Example 2: Goal: Shawnna will become more comfortable with messy art activities, that involve using her hands, when they are presented to her in the classroom. Data question: Please rate Shawnna’s participation level with activities involving tactile experiences. Very resistant Somewhat resistant A little resistant Guarded participation Full participation

Example 3: Goal: Isaac will begin to engage in parallel play during “free play” at preschool. Data question: Did Isaac engage in parallel play? Isolative throughout “free play” During gross motor activities only During gross motor and sensory activities During all activities, including playing with trains

Example 4: Goal: With increasing frequency, Beth will learn to use words to describe her distress while completing homework and chores in the evening. Data question: For the majority of the time, how did Beth communicate distress? TANTRUM 1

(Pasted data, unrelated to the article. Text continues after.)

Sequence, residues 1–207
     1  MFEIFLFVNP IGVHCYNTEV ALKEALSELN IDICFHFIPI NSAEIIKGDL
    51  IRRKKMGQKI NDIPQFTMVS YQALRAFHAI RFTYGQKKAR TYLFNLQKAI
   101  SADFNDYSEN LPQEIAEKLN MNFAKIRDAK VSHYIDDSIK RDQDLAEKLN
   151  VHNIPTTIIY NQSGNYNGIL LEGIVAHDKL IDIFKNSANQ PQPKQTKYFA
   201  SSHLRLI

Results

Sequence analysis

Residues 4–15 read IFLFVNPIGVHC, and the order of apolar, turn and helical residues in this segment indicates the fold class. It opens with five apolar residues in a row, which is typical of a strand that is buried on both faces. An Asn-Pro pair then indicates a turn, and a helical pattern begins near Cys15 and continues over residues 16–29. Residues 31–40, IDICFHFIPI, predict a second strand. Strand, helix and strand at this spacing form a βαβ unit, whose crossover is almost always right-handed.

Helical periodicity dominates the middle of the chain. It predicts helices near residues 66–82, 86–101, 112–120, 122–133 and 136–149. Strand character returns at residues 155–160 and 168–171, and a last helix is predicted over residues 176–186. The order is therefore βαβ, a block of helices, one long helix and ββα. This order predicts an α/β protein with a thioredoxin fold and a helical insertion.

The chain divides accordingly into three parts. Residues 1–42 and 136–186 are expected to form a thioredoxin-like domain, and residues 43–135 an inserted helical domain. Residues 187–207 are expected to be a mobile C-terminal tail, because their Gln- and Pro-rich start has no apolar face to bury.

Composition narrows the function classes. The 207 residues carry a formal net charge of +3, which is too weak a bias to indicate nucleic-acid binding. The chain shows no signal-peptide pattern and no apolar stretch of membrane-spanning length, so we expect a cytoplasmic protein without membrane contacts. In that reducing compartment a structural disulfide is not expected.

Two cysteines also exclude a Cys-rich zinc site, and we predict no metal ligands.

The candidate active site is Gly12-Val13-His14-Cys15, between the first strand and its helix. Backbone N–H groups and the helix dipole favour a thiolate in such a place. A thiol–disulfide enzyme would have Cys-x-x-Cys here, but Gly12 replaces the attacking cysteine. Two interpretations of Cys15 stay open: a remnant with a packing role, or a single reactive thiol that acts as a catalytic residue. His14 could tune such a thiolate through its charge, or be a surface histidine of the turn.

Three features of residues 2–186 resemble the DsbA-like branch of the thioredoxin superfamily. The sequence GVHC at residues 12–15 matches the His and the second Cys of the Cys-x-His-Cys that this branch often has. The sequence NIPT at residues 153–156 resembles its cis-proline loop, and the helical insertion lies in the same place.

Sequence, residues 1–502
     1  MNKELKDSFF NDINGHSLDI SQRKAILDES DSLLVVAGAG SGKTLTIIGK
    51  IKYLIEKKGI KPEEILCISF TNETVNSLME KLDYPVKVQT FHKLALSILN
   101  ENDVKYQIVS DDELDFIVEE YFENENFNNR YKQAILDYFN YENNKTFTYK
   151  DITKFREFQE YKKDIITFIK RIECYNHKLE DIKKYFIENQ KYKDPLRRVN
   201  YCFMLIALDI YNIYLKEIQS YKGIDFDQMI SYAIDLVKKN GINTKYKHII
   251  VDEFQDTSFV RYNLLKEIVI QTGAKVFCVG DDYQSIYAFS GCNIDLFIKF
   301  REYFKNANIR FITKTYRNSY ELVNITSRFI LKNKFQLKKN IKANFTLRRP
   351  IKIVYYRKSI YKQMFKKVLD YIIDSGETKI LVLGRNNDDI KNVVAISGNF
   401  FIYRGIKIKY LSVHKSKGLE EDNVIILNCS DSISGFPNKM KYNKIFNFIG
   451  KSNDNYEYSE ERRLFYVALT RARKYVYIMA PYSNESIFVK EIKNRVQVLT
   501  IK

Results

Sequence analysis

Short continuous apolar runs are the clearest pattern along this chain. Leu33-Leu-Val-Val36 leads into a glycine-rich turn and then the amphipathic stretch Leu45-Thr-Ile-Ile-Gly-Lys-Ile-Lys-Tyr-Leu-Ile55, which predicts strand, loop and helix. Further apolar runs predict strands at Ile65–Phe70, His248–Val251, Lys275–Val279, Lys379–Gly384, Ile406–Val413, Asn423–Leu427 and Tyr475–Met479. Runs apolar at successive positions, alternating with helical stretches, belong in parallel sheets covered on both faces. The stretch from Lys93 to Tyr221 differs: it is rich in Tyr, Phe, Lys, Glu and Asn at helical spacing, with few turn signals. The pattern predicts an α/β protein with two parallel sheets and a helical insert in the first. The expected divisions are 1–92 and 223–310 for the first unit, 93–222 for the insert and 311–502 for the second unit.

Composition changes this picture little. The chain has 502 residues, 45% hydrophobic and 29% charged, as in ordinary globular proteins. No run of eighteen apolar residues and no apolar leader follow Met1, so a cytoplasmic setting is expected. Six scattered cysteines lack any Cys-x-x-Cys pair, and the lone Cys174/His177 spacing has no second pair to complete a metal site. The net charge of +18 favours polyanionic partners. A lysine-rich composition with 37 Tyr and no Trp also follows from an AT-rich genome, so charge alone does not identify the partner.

We hear you asking yourself, “Why is it all right to estimate a percentage (‘about half the time’) here when you just finished telling me it was bad practice?” Excellent question! The estimate asked for on this qualitative scale is a choice among a set of broad categories that can be judged accurately. Most adults can accurately distinguish between events that have occurred rarely, about half the time, and most of the time. This is a very different sort of judgment than distinguishing accurately if an event occurred 25% of the time or 30% of the time or 60% of the time. (We’ll explain the difference between qualitative scales and percentages in more technical terms in Chapter 6.)



As the examples show, the more specific you are about what you expect in the way of progress, the more informative your data results will be. Most systems of measurement look at whether the child did or did not do something with little regard for the process of going from A to Z. If you take the time to figure out the steps that the child will take to accomplish a new skill, you educate everyone who uses the scale. Further, when you look back on the child’s progress and your team notes that the goal has not yet been achieved, a qualitative scale gives you considerable feedback about where the child has stopped progressing. A good team takes this information seriously and plans new strategies accordingly.